This book was given to me by a lovely but credulous woman (She also believed in the predictions of Ramtha; namely that in 1997 the Australian coast would be devastated by tidal waves). She gave it to me knowing I had travelled the region described in the book. I read it fairly soon after it was published and before the debunking began, yet it was very obvious to me VERY early on it the book that it was complete fabrication be someone who was to dumb to read up on the culture she was misrepresent ...more
Pretty good story, and definitely sounds like an incredible adventure she took.

8: Much later I would understand that the releasing of attachment to objects and certain beliefs was already indelibly written as a very necessary step in my human progress toward being.

18: "Forget the pain. ... Learn to endure. Focus your attention elsewhere." <-- she had thorns in her feet, but I should try to remember a similar sentiment for long runs.

53: When we took water from a rocky crevice, I was taught how
The question that arises, upon reading this book, is: How can I take this woman seriously? Or even, can I take this woman seriously?

The problem that I have with the story is that I am a born-and-bred Australian. And I have a really, really big problem with patronising Americans. I have a problem with their condescension of the way we speak, how we see the world, things about our society, her insistance on calling Australia "down under", and so on and so forth. I also have a big problem with the
Read for book club. This may very well be the worst book I've ever read. It is ridiculous and made me angry on many levels.

*UPDATE! I just learned that the whole book is a LIE! I knew it was fiction/fake, but the author never had contact with Aborigines, made up the whole thing, and offended a ton of people! Now I hate this even more. Even if you say, "oh, it's fiction, listen to the message", well, who wants to absorb a message from a BIG FAT LIAR?*

The author makes like a wannabe anthropologist
i wish i could give zero stars, but i think i have to give 1 star to pull down the average rating of this book.

my assessment of the book on it's own: it will make you think about the impact of materialism on modern life and hapiness if you can get past the author's simple voice and (i think unintentional) racisim. (fyi, people whose parents come from different ethnicities do not like to be called half-breeds or half-caste, and that is just the tip of the iceberg.)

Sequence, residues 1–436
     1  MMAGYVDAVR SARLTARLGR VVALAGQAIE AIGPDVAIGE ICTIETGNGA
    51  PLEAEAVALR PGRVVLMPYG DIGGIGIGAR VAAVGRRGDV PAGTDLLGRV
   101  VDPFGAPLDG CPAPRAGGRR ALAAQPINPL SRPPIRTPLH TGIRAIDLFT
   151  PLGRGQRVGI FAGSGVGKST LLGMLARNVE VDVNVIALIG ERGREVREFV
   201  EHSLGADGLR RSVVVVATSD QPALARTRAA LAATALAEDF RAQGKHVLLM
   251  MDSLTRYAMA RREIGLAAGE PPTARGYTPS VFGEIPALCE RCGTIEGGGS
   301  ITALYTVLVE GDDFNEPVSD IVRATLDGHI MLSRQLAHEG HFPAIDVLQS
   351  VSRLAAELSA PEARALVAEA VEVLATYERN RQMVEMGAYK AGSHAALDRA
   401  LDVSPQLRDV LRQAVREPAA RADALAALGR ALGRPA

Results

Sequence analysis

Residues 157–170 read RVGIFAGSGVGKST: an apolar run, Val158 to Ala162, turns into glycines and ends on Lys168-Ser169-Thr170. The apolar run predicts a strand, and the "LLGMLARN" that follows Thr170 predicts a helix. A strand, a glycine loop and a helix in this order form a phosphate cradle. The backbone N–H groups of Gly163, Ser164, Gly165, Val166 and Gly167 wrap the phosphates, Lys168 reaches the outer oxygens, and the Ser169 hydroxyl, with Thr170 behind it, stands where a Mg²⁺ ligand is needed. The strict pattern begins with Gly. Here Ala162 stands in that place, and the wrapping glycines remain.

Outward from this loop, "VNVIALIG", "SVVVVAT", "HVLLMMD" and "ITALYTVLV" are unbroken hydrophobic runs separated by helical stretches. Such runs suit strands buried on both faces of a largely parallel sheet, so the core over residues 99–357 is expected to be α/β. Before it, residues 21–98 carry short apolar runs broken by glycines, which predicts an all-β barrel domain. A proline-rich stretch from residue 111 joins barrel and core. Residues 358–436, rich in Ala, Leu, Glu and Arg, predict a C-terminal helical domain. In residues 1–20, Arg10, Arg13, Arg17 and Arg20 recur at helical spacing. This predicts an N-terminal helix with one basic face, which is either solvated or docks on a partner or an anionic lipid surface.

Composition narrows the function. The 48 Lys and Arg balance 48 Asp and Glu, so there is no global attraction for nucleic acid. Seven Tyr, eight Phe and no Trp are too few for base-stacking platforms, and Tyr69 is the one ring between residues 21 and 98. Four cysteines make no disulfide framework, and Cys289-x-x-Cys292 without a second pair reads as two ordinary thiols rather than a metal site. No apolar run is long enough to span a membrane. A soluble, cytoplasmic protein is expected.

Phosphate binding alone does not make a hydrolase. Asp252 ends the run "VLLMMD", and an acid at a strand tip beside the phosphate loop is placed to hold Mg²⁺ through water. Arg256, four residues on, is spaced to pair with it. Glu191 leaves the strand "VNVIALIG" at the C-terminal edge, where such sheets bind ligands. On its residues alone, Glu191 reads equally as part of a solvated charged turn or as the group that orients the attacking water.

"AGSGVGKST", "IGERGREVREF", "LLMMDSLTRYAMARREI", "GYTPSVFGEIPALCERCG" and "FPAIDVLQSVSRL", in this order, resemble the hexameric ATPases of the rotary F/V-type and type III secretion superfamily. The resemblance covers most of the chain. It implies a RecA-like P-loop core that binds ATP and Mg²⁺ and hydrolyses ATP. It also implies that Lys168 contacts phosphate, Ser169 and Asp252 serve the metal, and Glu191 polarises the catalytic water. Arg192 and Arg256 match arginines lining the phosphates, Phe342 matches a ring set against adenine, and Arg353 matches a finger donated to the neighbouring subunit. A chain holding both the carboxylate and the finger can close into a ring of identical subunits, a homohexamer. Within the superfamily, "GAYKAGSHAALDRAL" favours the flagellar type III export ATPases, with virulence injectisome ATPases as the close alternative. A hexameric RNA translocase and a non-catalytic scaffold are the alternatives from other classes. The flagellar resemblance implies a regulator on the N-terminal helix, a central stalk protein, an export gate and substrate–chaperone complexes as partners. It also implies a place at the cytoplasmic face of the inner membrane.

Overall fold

my assessment of the book in the
I have mixed feelings about this book. My sister read it and told me parts from it and it sounded like a "must read". Since I have been reading, however, I can't say I enjoy it the same way that I thought I would. I keep wondering how much of it is truth and how much is fiction? The author's prologue definitely didn't clear that up for me. Did she really go to Australia? I don't know. I hate to say this, but I found the whole idea and story more intriguing BEFORE I looked at the author's photo. ...more
Take one "memoirist", add a fictionalized account of a walkabout with an Aboriginal tribe, claim it is true but don't allow anyone to know your sources while claiming it is to protect the sources and voila! Mutant Message Down Under, (self-published originally) is born!

While I am still miffed at Marlo Morgan for her attempt at deceit of the reading public, the book kept my interest to the degree that I finished it in one day. Granted its only 174 pages, but still I don't normally read a book in
First, I'd like to preface this review by saying I know absolutely nothing about real aboriginal culture or history. I can't possibly tell you what is fact and what is pure creation by the author. This book is aparently extremely controversial because while some people love it as the tale of a spiritual journey amongst a mysterious native population, other people say that the author didn't accurately portray the culture truthfully, and was actually blatantly offensive.

I also have no idea if the
I devoured this book, and utterly loved it. Of course, it was also that time in a young man's life when he discovers "The Fountainhead", as well, and goes Ayn Rand-crazy, too.

When it later came out that this book is a total fabrication, I was deeply hurt. This was the first book I ever read that intentionally lied to me. Other books may have had bad information and good intentions, minor errors, or skewed views, but none of them had been presented as fact and turned out to be entirely fiction.

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Marlo Morgan is a controversial American novelist best known for her book Mutant Message Down Under concerning Aboriginal Australians, a book which was originally promoted as nonfiction but has since been republished as fiction.
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“You either have faith or fear, not both. Things, they think, generate fear. The more things you have, the more you have to fear. Eventually you are living your life for things.” 20 likes
“Our words, our actions must constantly set the stage for the life we wish to lead.” 11 likes